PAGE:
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The north Korean computer programmer was charged by the Ministry of Justice, 2014 Sony hack

Park Jin Hyok, shown above, went by different aliases.

(Ministry Of Justice)

A North Korean computer programmer tied to the land of the “perfidious cyber-activities” has been charged Thursday by the Ministry of Justice for the period 2014 hack against Sony Pictures Entertainment that resulted in the disclosure of tens of thousands of leaked emails and other materials.

The accusations against Park Jin Hyok come as the Treasury Department’s Office of Foreign Assets Control sanctioned to him and to the Chosun Expo Joint Venture, described by the Ministry of Justice as a “DPRK Government Front Company.”

“We will not allow North Korea to undermine global cybersecurity to advance its interests, and the generation of illegal income in violation of the sanctions,” finance Minister Steven Mnuchin said in a statement. “The United States is committed to holding the regime responsible for the cyber-attacks and other crimes and destabilising activities.”

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The exterior of the Sony Pictures Plaza building in Culver City, Calif.

(AP/File)

The Ministry of finance said Hyok — which is about 34 years old and went by a variety of aliases, including Andoson David and Watson, Henny – “engaged in significant activities undermining cyber security by the use of computer networks or systems against targets outside of North Korea on behalf of the Government of North Korea or the Workers’ y of Korea.

“Park Jin Hyok is a part of the conspiracy is responsible for performing, among other things, the February 2016 cyber-enabled fraudulent transfer of $81 million from Bangladesh Bank, the ransomware used in the May 2017 “WannaCry 2.0″ cyber-attack, and the November 2014 cyber-attack on Sony Pictures Entertainment,” it added.

The officials say “Hyok and his co-conspirators operated from North Korea, China and elsewhere to perpetrate this malicious activity.”

Fox News reported in 2014 that the malware used in the Sony hack attack has two destructive threads: it overwrites data and it interrupts execution processes, such as a start-up features. The FBI previously warned that the malware can be so destructive that the data is not recoverable or it is too expensive a process.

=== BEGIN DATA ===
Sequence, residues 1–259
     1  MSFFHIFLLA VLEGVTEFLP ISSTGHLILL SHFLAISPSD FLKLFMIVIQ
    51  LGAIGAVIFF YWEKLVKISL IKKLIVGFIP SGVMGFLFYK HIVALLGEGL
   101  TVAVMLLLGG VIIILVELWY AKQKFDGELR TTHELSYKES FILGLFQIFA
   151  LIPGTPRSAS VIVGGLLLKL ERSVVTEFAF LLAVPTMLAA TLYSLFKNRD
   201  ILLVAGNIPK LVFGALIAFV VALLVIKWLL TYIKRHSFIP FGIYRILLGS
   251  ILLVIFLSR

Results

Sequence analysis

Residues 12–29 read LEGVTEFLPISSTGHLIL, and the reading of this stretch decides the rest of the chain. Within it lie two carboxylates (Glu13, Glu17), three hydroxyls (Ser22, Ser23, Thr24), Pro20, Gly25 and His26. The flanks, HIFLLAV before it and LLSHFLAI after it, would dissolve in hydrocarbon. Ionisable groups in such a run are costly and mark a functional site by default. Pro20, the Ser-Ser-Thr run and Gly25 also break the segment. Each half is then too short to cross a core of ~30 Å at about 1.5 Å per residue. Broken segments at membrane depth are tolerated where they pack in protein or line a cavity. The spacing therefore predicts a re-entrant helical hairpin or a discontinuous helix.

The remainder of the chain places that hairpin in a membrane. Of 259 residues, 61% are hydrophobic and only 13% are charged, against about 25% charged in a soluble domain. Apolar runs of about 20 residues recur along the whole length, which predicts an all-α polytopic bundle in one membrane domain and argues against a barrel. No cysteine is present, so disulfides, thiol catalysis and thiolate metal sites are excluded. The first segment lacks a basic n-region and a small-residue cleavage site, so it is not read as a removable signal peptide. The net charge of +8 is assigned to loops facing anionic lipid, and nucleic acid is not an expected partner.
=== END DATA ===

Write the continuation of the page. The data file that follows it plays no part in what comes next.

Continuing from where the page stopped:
“There is evidence to indicate we have seen destructive activity with malicious intent that was initiated by a sophisticated actor,” then-White House Press Secretary Josh Earnest said. “And it is treated by those investigative agencies both at the FBI and the Department of Justice as seriously as you would expect.”

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The FBI has also said it detected communications between computer internet addresses known to be operated by North Korea and hacking tools left behind at the crime scene, which officials said contained subtle clues linking these tools to the North Korean government.

The Ministry of Justice in recent years has brought hackers from China, Iran and Russia in the hope of publicly shaming other countries for sponsoring cyber attacks on AMERICAN companies, according to the Associated Press.

In 2014, for example, the Obama administration charged five Chinese military hackers with a series of digital intrusions on American companies, and last year, the Ministry of Justice charged a Russian hacker with a break-in at Yahoo Inc. that affected millions of e-mail accounts.

AMERICAN officials were of the opinion that the Sony hack was in retaliation for “The Interview”, a comedy film starred Seth Rogen and James Franco, and in the middle of a plot to assassinate North Korea’s leader Kim Jong-Un. Sony cancelled the cinema release of the film amid threats to moviegoers, but brought it online via YouTube and other sites.

Shortly after the 2014 hack, North Korea’s state-run media agency KCNA, said it was done by “sympathizers.” Andrei Lankov, an expert on North Korea who writes a column for The Korea Times, says this is as close to an endorsement as possible.

Fox News’ Catherine Herridge and the Associated Press contributed to this report.

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